While it's an obvious point of comparison, certain uses of prolonged wide shots for Jamie's storyline did evoke similar visuals in Chantal Akerman's Jeanne Dielman. Specifically, extended single-takes depicting Jamie going through day-to-day drudgery in her ranch job totally evoked how Akerman would use extended single-takes in Jeanne Dielman to accentuate the aching pain of Dielman. In both films, the choice to frame a characters mundane actions in drawn-out shots allows us to understand what kind of monotony they go through on a daily basis (though the films themselves avoid becoming tedious).

No wonder Jamie becomes so infatuated with Beth Ravis. Reichardt's filmmaking has made it abundantly clear that Jamie's life is defined by a familiar routine. A new person with a unique personality proves understandable captivating for Jamie. Impressively, Reichardt is able to translate her specific style of filmmaking for Certain Women to accomplish different moods throughout the individual stories. In Gina's segment, for example, Reichardt uses prolonged single-takes to accentuate the awkwardness in a conversation between Gina, her husband and Albert. In Laura's story, meanwhile, Reichard's directorial approach is used to convey a sense of bleak dread.

Though Reichardt's filmmaking is consistent all throughout Certain Women, it's used for such varied means throughout the individual storylines that it never becomes repetitive. Of course, Certain Women's compelling nature doesn't just derive from Reichard's camerawork. It's also aided by her screenwriting, which lends an empathetic lens to the assorted figures chronicled in Certain Women. This is especially true of anything dealing with the character of Jamie. Despite being a grounded subdued drama, Certain Women still finds time to let Jamie indulge in romantic victories, such as an incredibly sweet scene where Jamie takes Beth Ravis to the local diner on horseback.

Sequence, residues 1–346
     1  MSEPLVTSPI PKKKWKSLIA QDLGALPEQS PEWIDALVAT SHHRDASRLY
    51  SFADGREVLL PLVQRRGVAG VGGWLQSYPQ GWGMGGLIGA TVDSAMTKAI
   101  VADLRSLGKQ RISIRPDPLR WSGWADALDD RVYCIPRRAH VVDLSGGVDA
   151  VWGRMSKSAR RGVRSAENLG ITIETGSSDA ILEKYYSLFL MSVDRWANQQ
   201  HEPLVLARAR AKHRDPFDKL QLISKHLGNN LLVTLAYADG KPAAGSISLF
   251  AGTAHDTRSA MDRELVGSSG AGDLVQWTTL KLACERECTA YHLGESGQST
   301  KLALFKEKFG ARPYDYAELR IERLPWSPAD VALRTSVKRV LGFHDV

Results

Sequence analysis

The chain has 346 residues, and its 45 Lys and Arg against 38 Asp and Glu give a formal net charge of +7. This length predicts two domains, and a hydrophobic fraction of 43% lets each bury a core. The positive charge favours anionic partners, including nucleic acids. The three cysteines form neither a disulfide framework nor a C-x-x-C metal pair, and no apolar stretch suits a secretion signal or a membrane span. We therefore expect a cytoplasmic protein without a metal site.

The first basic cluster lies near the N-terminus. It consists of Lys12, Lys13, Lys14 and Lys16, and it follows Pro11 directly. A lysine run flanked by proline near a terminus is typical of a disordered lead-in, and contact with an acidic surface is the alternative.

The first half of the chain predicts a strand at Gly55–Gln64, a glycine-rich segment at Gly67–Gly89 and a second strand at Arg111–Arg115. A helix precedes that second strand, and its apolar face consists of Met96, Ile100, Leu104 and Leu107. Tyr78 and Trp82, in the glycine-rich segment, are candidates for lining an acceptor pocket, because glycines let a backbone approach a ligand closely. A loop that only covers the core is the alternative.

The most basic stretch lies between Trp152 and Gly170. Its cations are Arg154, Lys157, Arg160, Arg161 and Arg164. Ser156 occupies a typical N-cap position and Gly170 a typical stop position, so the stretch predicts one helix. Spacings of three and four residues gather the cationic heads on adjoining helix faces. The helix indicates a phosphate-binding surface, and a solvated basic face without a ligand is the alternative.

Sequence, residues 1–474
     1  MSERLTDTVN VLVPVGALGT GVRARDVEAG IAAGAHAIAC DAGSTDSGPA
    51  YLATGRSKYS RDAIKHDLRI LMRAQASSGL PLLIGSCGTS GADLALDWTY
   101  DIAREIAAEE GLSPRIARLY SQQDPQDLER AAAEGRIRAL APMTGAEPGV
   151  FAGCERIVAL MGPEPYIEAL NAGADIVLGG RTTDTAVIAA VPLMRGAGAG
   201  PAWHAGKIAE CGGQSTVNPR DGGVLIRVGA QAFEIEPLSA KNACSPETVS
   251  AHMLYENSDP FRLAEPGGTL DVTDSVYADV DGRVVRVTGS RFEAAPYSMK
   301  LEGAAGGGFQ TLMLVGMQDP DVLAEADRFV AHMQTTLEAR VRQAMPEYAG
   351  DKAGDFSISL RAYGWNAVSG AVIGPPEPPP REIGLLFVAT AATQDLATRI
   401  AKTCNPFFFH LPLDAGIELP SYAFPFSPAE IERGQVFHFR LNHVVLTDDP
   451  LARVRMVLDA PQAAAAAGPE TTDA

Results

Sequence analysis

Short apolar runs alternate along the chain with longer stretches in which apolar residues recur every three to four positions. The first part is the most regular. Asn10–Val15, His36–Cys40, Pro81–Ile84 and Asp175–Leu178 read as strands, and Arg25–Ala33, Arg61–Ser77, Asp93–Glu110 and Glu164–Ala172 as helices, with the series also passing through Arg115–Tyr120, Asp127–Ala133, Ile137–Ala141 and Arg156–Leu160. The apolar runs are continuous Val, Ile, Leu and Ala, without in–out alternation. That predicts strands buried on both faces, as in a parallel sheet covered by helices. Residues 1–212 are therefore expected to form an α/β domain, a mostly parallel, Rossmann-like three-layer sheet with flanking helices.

Of course, that touching sequence just makes a subsequent awkward reunion between Jamie and Beth all the more powerful. After that vexatious encounter, we follow Beth as she begins the long drive back home. Here we again see Reichardt masterfully employing silence as Beth doesn't utter a word yet we feel the avalanche of disappointment and sorrow rolling over her being. It's also a great showcase for the talents of Lily Gladstone, who turns out to be Certain Women's acting MVP. We all know Kristen Stewart, Laura Dern, and Michelle Williams can turn in excellent performances. Gladstone, in only her fourth film role, holds her own against such esteemed performances both in this final gut-wrenching sequence as well as throughout her entire storyline in Certain Women.

Gladstone's performance and Reichardt's direction are the two best examples of how Certain Women uses silence to create a haunting atmosphere I can't get out of my head. Such an atmosphere is informed by the pervasive sense of loneliness that marks the characters of Certain Women. From Fuller (whose third act scene where he talks about how you appreciate letters in prison just broke my heart) to Gina (who feels detached from her family members) to poor disappointed Jamie, Certain Women is defined by internal anguish. It's an element of these Certain Women characters portrayed quietly yet still resonates as something extremely potent. That's what happens when writer/director Kelly Reichardt messes around with silence!